Cytogenetic investigation showed a small 4p terminal deletion with karyotype 46,XX, del(4)(p16.3). A deletion of the Wolf-Hirschhorn critical region was confirmed using a commercial Wolf-Hirschhorn syndrome FISH probe.
This child was the first child of healthy non-consanguineous parents. Prenatally there was growth retardation. She was born at 37 weeks of gestation. Her weight was 2050 g, length was 44 cm, and head circumference was 29 cm; these parameters were all below the third centile. Postnatal growth retardation was present. At the age of 11 months, Wolf-Hirschhorn syndrome was suspected but chromosomal studies were normal 46,XX. At the age of 16 months she developed seizures and she was treated with valproate. At the age of 13 years and 4 months all parameters were below the third centile. There was proptosis. She had dimples on the presacral region and shoulders.
Clinical diagnosis of the Wolf-Hirschhorn syndrome was confirmed by the detection of a signal on only a single chromosome 4 using a commercial Wolf-Hirschhorn syndrome FISH probe.
The patient was the first child of healthy unrelated parents. Family history was uncomplicated. During pregnancy there was intra-uterine growth retardation. He was born at 38 weeks pregnancy. His birth weight was 2330 g and length was 44 cm. He could sit at the age of 14 months. At that age, his length was between the 10th and 25th centiles but his weight and occipital frontal circumference were below the third centile. Brain magnetic resonance imaging showed delayed myelinisation. Examination at the age of 2 years 7 months showed a height between the 50th and 75th centile, weight between the third and 25th centiles but occipital frontal circumference of 46.5 cm (<3rd centile). He had thin scalp hair, a small forehead, low set ears, and a high nasal bridge. There were dimples on the elbows and over the sacro-iliac joints and there was a presacral sinus. He had glandular hypospadias. Cognitive functioning was at 20 months (on the Bayley scales). At the age of 5 years 7 months, his facial features were changing and a clinical diagnosis of Wolf-Hirschhorn syndrome was suspected and confirmed by molecular cytogenetics. Cardiac ultrasound was normal. At the age of 8 years 6 months, his occipital frontal circumference was at the third centile. He was tall and had slender extremities and hyperkyphosis (fig 3B). He had a short sternum but there were no internal malformations. His hoarse voice was high pitched. Cognitive functioning included a total IQ of 68, a verbal IQ of 80, and a performance IQ of 65 (revised Wechsler Intelligence Scale for Children). There was limited social contact because of his extreme shyness.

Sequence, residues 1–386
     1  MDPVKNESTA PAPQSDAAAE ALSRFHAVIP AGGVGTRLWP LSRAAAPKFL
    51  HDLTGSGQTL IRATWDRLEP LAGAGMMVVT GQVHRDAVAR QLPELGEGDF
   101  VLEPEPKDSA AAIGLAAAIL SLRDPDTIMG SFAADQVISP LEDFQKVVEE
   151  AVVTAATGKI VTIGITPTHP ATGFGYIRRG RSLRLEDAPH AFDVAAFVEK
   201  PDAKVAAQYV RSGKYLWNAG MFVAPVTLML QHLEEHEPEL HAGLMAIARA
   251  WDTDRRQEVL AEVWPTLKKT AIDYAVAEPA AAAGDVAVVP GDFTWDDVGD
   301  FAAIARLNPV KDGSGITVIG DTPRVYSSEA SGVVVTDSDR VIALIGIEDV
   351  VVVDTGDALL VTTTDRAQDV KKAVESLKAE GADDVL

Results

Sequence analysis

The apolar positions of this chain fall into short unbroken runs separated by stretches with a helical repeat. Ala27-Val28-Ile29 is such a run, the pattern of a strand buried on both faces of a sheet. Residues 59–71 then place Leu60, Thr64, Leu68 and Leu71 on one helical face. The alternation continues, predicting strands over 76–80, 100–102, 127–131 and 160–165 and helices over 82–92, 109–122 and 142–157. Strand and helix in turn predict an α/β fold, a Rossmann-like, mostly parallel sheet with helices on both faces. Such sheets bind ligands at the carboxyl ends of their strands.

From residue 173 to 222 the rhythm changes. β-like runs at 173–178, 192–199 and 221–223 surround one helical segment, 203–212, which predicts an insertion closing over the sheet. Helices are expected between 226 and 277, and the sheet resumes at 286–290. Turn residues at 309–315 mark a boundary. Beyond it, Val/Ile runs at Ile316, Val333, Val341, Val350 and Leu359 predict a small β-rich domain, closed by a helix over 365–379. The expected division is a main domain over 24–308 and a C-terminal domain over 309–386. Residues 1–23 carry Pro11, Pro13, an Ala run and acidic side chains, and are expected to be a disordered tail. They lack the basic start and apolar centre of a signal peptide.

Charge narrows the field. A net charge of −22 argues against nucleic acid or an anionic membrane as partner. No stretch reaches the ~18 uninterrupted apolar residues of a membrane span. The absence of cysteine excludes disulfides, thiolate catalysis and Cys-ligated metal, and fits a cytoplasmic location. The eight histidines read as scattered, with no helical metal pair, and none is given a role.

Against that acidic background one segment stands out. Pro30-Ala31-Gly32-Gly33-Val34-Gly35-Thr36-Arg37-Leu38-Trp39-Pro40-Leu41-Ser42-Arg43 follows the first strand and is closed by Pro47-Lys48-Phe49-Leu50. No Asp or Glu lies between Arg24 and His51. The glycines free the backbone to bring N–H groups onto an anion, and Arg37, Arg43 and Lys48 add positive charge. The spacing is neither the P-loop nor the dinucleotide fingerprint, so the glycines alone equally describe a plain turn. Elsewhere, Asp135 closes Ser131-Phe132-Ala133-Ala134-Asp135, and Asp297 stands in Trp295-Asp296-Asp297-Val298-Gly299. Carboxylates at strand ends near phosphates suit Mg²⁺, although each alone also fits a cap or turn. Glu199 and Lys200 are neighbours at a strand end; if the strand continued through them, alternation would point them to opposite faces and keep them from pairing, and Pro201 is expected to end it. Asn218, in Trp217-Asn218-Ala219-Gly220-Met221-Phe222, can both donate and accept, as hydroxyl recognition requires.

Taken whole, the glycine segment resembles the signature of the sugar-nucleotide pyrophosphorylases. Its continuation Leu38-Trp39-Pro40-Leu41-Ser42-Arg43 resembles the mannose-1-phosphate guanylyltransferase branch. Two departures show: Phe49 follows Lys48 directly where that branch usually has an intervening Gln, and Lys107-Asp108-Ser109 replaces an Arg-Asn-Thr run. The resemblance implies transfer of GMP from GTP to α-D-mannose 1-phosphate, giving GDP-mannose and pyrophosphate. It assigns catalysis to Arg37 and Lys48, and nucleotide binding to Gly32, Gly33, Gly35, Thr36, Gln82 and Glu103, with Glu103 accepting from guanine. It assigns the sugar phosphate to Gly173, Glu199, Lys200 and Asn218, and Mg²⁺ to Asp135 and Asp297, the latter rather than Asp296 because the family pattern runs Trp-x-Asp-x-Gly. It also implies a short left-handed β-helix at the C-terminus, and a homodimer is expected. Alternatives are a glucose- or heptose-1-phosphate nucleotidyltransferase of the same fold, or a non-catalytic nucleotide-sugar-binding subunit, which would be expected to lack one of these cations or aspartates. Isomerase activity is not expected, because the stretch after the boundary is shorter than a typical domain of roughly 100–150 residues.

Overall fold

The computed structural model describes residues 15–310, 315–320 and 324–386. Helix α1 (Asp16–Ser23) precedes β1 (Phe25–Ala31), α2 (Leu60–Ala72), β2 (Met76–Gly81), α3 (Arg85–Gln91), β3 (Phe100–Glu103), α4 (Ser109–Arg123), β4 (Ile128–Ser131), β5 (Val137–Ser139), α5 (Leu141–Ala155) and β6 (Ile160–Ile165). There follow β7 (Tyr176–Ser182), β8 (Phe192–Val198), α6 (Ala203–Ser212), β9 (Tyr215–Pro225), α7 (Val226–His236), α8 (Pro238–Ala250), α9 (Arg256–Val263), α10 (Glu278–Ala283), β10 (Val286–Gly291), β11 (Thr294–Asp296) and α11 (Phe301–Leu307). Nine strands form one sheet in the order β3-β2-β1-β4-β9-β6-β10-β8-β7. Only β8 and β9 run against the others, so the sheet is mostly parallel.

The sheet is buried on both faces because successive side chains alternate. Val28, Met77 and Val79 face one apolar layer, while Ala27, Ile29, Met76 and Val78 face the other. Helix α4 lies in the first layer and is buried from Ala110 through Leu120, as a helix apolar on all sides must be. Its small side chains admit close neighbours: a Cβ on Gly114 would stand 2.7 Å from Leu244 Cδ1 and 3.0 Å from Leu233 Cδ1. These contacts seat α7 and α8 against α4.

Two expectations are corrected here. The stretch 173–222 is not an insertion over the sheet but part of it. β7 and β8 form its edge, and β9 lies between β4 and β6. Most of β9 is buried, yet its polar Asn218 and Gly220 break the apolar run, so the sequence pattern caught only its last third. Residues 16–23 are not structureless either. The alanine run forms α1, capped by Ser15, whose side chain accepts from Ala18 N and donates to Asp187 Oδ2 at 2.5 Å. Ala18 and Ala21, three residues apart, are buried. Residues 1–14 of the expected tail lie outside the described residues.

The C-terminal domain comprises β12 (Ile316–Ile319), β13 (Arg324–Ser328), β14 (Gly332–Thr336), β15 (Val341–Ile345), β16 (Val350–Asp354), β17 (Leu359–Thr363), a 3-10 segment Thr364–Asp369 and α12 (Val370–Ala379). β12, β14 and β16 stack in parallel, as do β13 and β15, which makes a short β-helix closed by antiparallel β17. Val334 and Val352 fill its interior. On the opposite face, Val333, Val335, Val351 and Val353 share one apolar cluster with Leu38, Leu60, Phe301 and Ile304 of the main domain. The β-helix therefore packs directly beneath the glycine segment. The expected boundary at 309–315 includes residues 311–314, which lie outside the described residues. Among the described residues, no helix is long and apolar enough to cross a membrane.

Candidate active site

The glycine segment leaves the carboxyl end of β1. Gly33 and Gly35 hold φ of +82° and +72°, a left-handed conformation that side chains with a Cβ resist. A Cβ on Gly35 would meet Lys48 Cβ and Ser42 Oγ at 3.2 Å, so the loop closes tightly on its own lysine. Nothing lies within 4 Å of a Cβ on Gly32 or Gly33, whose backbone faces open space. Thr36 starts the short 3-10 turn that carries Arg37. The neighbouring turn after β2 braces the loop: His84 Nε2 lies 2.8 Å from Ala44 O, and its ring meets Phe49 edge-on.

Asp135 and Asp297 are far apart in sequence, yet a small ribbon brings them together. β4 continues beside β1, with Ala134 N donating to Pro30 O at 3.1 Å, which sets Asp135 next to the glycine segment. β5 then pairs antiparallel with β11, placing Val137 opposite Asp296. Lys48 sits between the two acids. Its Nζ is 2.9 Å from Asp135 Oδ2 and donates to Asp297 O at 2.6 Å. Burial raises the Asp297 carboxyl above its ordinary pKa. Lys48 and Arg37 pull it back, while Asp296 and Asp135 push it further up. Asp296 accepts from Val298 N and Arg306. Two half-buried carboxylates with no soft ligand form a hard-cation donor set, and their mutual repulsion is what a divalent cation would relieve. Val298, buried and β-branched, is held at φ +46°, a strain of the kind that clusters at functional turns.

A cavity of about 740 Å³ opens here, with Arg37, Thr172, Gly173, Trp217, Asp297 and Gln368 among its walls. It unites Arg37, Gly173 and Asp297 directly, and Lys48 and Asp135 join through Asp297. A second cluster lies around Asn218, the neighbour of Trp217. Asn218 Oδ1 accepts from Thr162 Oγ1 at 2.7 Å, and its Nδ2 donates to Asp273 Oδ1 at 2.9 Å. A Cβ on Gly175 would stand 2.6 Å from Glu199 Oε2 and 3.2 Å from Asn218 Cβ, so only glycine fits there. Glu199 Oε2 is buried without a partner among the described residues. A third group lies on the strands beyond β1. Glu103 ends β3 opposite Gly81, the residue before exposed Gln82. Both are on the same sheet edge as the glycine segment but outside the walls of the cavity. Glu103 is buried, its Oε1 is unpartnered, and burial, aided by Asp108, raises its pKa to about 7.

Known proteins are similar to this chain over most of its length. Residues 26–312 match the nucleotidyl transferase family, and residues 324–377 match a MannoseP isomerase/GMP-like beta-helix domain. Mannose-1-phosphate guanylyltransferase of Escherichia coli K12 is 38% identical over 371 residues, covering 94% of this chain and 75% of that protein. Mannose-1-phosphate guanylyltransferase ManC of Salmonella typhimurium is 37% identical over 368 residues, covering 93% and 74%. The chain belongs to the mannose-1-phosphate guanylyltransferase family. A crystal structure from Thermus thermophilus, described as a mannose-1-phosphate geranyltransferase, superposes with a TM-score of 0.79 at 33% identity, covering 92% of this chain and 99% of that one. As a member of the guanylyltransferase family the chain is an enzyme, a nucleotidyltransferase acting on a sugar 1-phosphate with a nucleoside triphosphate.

The G-banded karyotype of this patient was normal 46,XY. Clinical diagnosis of the Wolf-Hirschhorn syndrome was confirmed by the detection of a signal on only a single chromosome 4 using a commercial Wolf-Hirschhorn syndrome FISH probe.
This boy was 11 years 8 months old. His birth weight was 3250 g, length was 50 cm, and occipital frontal circumference was 36.2 cm. There was postnatal growth retardation. The G-banded karyotype was normal 46,XY. At the age of 9 months, his mental level corresponded to 5 or 6 months and at the age of 18 months his mental level was 15 months (Bayley Developmental scales). At 12 months, his weight and length were below the third centile. Craniofacial features included a small mouth and chin, almond shaped eyes, a short philtrum, and a hooked nose. His hands and feet were small. At the age of 2 years, clinical examination showed a high pitched voice, mild velopharyngeal incompetence, and presacral and sacro-iliac dimples. At 3 years 5 months of age, his growth parameters were all on the 50th centile. Brushfield spots were noted on the iris. He had nasal speech. He had surgery for a left inguinal hernia. There was no subcutaneous fat. At 9 years, his length was on the third centile, his weight was between the 25th and 50th centiles and his occipital frontal circumference was on the 25th centile. His speech was well developed but his voice remained high pitched. There was hyperkyphosis, and because of his changing facial features, Wolf-Hirschhorn syndrome was suspected and confirmed by molecular cytogenetics (fig 3C). He attended a special school for the mildly mentally retarded. Cognitive functioning showed a total IQ of 67, a verbal IQ of 70, and a performance IQ of 67 (revised Wechsler Intelligence Scale for Children). He was extremely shy.